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GENEVA, March 17. /TASS/. A new round of international talks aimed at encouraging security and stability in the volatile South Caucasus region opens in Geneva on Tuesday.
Participating in the two-day consultations, held under the auspices of the United Nations, the European Union and the Organization for Security and Cooperation in Europe (OSCE), are representatives from Abkhazia, Georgia, Russia, the United States, and South Ossetia. Traditionally, discussions are conducted in two working groups focusing on practical issues of ensuring security and stability in the region, and on humanitarian issues, including problems of displaced people and refugees.
The participants in these working groups are expected to pay particular attention on guarantees for Georgia’s non-use of force against neighbouring states.
Russian Foreign Minister Sergey Lavrov last week noted that Moscow considered the Geneva discussions a very useful format.
"Talking about security, we have long been calling for adopting a document on the non-use of force," Lavrov said on Wednesday after talks with Abkhaz counterpart Vyacheslav Chirikba.
"Our Georgian partners would want to turn this document into an anti-Russian venture. European, UN and other mediators seem to understand that speculations should not be made on this issue, but it’s not working yet," he said.
"We consider it [the Geneva discussions] to be a very helpful format. As it was being shaped, some positive changes occurred," he said, noting that: "It is a format where the direct participants in the process - Georgia, Abkhazia and South Ossetia - can talk directly."
"Talking about humanitarian issues, Georgia has unfortunately decided - and we have repeatedly voiced our concerns about it - not to consider the concrete problems of the humanitarian situation of people who were forced out of their homes, but instead to unwind this topic in the political line through the U.N. General Assembly," Lavrov said.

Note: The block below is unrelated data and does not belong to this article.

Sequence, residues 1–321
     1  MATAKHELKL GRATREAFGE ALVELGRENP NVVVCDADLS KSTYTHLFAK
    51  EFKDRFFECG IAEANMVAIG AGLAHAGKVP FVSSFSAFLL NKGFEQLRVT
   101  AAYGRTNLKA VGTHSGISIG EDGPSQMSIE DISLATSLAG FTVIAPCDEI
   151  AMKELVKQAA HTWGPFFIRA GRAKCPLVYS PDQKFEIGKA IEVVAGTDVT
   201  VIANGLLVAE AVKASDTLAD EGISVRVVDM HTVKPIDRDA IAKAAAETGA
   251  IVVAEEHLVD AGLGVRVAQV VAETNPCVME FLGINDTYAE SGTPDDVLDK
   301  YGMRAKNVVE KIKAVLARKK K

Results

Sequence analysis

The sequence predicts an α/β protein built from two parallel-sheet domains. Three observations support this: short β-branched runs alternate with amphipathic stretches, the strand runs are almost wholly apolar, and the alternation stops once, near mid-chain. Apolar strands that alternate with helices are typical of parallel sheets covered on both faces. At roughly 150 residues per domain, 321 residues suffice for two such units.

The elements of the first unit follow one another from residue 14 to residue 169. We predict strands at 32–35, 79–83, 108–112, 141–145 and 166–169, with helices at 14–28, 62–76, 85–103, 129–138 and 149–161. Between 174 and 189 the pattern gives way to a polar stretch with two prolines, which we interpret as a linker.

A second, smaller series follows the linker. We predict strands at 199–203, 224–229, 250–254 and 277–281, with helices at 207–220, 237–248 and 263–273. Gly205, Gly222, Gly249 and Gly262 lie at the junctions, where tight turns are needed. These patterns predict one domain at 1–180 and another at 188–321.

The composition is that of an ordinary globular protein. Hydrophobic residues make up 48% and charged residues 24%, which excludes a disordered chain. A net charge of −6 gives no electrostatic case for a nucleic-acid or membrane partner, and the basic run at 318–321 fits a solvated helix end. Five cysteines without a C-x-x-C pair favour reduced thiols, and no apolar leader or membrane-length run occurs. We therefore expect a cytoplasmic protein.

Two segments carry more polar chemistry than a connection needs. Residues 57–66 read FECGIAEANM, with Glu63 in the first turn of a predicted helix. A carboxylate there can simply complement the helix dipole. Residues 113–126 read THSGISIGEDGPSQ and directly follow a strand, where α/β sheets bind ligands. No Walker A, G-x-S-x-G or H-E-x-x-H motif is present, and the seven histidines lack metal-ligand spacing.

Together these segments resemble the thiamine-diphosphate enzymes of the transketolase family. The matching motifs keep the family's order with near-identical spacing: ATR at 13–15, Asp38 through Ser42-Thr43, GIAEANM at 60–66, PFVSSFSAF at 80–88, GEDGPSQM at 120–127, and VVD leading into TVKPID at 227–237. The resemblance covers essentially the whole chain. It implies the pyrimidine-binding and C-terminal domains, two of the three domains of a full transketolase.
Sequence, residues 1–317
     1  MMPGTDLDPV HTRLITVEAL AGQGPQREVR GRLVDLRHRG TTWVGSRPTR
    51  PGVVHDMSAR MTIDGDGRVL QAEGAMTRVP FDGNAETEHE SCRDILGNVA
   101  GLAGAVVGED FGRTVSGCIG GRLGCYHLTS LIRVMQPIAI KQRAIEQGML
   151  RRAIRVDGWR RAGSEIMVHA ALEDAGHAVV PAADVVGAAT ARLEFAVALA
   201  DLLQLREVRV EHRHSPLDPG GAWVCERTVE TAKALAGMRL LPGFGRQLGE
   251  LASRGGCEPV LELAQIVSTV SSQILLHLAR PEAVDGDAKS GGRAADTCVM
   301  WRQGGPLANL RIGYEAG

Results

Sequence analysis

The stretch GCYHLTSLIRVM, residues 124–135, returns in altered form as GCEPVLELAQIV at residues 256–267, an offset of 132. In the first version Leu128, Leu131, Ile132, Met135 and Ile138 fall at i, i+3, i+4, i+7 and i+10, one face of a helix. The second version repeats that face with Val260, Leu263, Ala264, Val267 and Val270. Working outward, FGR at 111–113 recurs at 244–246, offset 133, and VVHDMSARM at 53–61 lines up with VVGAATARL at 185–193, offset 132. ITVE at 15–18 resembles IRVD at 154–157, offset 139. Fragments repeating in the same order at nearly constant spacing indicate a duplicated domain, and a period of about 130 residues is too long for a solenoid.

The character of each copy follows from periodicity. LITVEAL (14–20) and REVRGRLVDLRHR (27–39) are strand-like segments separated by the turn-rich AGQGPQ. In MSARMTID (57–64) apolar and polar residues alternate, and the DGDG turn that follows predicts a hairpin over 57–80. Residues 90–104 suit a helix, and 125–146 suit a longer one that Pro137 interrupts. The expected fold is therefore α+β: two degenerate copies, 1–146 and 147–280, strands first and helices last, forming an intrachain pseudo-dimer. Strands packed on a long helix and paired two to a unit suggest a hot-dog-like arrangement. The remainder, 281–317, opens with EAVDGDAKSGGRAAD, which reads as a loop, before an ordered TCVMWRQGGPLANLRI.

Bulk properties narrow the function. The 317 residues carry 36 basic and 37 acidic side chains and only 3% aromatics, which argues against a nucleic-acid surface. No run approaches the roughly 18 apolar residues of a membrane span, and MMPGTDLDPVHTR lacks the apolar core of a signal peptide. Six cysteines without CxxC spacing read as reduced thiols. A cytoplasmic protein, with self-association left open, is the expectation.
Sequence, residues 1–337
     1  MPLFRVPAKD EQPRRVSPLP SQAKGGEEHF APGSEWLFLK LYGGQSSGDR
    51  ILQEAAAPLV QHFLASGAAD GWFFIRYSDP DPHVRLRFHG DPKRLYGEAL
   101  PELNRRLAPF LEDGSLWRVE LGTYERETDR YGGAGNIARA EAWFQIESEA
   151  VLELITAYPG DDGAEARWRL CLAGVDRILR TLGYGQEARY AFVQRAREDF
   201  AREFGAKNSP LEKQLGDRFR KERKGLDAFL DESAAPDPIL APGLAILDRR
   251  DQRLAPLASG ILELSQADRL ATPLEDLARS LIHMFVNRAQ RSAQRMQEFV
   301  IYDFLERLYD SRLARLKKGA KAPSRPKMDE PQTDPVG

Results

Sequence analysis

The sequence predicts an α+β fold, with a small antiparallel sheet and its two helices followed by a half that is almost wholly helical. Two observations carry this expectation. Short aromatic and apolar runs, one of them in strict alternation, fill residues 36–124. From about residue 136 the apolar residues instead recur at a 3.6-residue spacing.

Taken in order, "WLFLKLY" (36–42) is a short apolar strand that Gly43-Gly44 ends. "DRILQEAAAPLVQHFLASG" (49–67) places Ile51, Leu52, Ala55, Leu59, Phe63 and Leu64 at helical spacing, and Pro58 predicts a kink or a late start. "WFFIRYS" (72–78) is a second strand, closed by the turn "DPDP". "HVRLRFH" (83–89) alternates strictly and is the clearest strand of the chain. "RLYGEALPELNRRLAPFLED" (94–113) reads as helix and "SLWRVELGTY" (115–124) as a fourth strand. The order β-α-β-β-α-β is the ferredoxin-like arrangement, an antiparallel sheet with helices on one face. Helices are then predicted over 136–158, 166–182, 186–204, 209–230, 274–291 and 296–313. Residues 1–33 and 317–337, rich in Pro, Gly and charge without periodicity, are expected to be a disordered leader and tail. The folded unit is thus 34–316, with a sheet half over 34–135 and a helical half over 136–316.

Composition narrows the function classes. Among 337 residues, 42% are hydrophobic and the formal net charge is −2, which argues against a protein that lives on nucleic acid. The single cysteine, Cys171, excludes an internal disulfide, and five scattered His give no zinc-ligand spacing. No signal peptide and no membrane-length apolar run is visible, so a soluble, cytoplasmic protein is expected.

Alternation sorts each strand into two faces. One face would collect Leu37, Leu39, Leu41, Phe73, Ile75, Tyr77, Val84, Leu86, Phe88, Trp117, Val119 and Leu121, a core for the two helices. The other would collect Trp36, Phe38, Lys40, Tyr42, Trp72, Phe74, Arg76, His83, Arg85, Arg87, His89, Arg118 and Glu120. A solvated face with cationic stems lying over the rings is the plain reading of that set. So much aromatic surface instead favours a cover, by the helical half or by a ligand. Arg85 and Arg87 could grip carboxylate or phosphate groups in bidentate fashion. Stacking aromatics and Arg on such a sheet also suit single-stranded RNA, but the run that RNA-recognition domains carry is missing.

Russia’s initiative to adopt a joint statement of all parties to the Geneva discussions on the non-use of force has been subject to negotiation in this format for several years. But Tbilisi has balked at the idea, demanding that Russia should make a unilateral statement on the non-use of force against Georgia. Moscow does not consider itself a party to the conflict of five years ago and refuses to make such a deal with Tbilisi.
The talks in Geneva were first convened upon agreements reached by the Russian and French presidents after tragic events in August 2008 in South Ossetia when Georgia attacked the region. Soon after that, Moscow recognised South Ossetia and Georgia as independent states.
Since 2009, the meetings were held twice a month bringing together representatives from Abkhazia, Georgia, Russia, the United Nations and the EU, but the five-sided mechanism terminated its activity in April 2012.
New rounds of discussions, which are the only platform for a dialogue between Georgia and South Ossetia and Abkhazia, were resumed last October and then also held in December with delegations from South Ossetia, Abkhazia, Georgia, Russia, and the United States, as well as representatives from the EU, UN and OSCE.
Russian Deputy Foreign Minister Grigory Karasin said after the December meeting: "No one expects any breakthrough from the Geneva discussions, but the fact that all parties come together and openly discuss existing problems is certainly a positive factor.".